Harry, Bella, Peeta and Katniss: The Crossover Fiction Phenomenon
The Hunger Games movie was released on March 21st, and has already made over 300 million dollars in box office sales in North America alone. It also broke the record for first-day advanced ticket sales on Fandango, previously held by The Twilight Saga: Eclipse. The Hunger Games movie also had the third highest number of advanced ticket sales ever, behind The Twilight Saga: New Moon, and Harry Potter and the Deathly Hallows- Part 2…are you seeing a pattern yet? The phenomenon of young-adult fiction that ends up appealing to anyone and everyone is not new–the first Harry Potter book was published in 1997, and by the release of the fourth in the series, Harry Potter and the Goblet of Fire, it was widely understood that these books had a wider audience than the 10-15 year-old set. In fact, the Harry Potter books in particular seemed to get more and more complex and mature as the series progressed, with many people my age feeling like the series grew up with them. Although the first two or three novels (and movies for that matter) have a decidedly child-like feel and sound to them, the subsequent books use more varied language and themes, in addition to having much more violence.
What makes books like these jump from success in the young adult section to overwhelming popularity, and can they bring all of us back into the world of reading? I admit that while I was an avid book-reader before the age of laptops and cell phones, I rarely pick up a non-school-related book now. But the week before The Hunger Games was released in theaters, I felt compelled to buy the first book to see what all the fuss was about, and three days later I had finished it and was wondering where I could buy the next two.
In my opinion there are several key characteristics that makes books such as The Hunger Games and Harry Potter attract such a varied audience. The first is that they be compelling without getting weighed down by complex language or themes, at least initially. While one certainly could read deeper into The Hunger Games, comparing the gladiator-style games to class warfare and slavery, you can just as easily skip past these themes and just enjoy the fast-paced detail of a thrilling story. The story quickly moves from one dramatic incident to the next, with slower heart-wrenching scenes spliced in between to keep the reader interested. Add in vivid details and a side love story, and the pages go by so quickly you’ll be at the end before you know it and wondering what comes next.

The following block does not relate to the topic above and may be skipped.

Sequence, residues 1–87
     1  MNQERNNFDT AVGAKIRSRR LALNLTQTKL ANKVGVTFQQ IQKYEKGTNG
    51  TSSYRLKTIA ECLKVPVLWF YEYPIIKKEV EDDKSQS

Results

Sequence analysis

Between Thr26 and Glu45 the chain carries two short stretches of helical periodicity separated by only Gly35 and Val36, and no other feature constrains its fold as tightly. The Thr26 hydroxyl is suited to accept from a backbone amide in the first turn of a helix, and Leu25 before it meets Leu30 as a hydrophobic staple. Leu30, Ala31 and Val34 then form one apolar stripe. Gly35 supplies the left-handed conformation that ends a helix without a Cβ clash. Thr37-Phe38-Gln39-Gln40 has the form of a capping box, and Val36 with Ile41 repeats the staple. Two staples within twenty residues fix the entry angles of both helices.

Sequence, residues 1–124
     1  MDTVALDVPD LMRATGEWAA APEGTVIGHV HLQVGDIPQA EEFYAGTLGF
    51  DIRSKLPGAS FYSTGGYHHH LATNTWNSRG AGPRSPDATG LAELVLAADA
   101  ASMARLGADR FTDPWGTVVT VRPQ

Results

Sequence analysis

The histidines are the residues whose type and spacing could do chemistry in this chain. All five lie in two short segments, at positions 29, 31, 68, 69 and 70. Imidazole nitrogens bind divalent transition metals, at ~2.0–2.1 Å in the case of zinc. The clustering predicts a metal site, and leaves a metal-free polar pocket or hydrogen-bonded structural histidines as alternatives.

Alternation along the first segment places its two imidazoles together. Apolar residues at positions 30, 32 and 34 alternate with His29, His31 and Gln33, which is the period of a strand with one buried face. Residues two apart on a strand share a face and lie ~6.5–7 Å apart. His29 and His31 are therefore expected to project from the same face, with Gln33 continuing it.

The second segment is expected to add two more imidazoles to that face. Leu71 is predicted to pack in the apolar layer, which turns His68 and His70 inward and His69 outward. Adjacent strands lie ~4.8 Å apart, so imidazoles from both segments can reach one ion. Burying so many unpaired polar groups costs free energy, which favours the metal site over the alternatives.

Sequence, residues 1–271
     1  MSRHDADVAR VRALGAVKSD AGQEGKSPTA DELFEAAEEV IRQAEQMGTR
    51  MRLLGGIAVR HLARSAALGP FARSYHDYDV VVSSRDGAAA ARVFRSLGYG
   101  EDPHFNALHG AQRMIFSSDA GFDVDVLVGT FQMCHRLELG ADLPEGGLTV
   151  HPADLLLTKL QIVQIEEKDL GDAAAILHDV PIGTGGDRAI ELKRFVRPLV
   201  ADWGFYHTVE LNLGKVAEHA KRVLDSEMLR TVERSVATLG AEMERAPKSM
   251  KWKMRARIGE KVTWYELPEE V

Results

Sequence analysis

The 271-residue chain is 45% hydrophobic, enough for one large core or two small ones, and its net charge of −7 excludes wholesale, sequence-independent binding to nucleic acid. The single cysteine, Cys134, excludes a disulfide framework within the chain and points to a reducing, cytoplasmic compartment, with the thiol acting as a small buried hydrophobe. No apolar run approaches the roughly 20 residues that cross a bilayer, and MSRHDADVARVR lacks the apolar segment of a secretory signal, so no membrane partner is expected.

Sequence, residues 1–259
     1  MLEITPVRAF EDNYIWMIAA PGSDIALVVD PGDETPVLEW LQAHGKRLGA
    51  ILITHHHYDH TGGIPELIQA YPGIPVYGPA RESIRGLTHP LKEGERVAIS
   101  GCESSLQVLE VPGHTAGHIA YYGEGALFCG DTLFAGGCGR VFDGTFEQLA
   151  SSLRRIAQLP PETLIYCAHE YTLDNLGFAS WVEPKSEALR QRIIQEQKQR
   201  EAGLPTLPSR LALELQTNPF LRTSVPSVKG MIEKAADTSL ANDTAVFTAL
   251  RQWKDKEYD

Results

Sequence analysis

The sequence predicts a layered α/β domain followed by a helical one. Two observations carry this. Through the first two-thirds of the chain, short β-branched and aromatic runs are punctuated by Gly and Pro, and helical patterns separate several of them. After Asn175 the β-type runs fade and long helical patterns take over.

Another common theme with the three most well known recent young adult-to-adult crossover pieces, The Hunger Games, Twilight, and Harry Potter, is their setting: all three take place in pseudo-fantasy or completely made up worlds, and the characters in Harry Potter and Twilight have qualities humans do not possess, such as performing magic, or being a vampire. These characteristics, sometimes set in worlds that look very similar to our own, give the reader a form of escapism that is hard to resist–after all, even if Ron, Harry, and Hermione have midterms to study for, they get to use magic at the same time! But the final and most important component a book must possess to achieve overwhelming popularity is something the author can’t craft into the pages, but an external force that is decided by the reader: a community around the book, which I will discuss in my next blog post, so stay tuned.
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